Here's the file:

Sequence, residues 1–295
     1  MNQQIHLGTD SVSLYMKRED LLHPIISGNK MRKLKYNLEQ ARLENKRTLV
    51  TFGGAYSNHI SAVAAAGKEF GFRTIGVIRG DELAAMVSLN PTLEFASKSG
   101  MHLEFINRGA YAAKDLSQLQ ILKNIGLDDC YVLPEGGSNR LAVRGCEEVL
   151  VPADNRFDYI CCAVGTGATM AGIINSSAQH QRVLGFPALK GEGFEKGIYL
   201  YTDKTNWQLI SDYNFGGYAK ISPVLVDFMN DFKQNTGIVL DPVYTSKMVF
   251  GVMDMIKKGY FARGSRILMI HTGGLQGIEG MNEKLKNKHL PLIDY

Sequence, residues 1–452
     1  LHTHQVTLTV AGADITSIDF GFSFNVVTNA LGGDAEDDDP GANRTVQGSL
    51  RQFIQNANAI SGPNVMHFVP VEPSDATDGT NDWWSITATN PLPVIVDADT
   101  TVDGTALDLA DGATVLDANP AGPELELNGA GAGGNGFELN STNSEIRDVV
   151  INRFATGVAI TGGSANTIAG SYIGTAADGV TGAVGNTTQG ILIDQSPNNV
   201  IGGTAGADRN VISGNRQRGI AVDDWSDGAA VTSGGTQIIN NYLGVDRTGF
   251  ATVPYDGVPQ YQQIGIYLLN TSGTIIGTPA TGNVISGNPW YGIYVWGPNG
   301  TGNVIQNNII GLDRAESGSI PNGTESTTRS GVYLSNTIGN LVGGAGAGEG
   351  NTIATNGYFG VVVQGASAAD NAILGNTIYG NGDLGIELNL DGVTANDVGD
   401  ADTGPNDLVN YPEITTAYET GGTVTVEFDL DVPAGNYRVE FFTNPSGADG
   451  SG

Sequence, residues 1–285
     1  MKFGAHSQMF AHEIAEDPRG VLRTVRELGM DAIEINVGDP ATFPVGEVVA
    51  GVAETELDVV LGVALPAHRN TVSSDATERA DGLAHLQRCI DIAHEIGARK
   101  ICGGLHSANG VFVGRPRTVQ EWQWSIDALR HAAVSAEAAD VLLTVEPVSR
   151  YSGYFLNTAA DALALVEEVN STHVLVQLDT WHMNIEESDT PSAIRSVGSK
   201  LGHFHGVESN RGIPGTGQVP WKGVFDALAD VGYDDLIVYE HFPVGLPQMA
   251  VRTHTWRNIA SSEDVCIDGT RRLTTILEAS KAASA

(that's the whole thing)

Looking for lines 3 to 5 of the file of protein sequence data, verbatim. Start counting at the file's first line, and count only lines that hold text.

    51  TFGGAYSNHI SAVAAAGKEF GFRTIGVIRG DELAAMVSLN PTLEFASKSG
   101  MHLEFINRGA YAAKDLSQLQ ILKNIGLDDC YVLPEGGSNR LAVRGCEEVL
   151  VPADNRFDYI CCAVGTGATM AGIINSSAQH QRVLGFPALK GEGFEKGIYL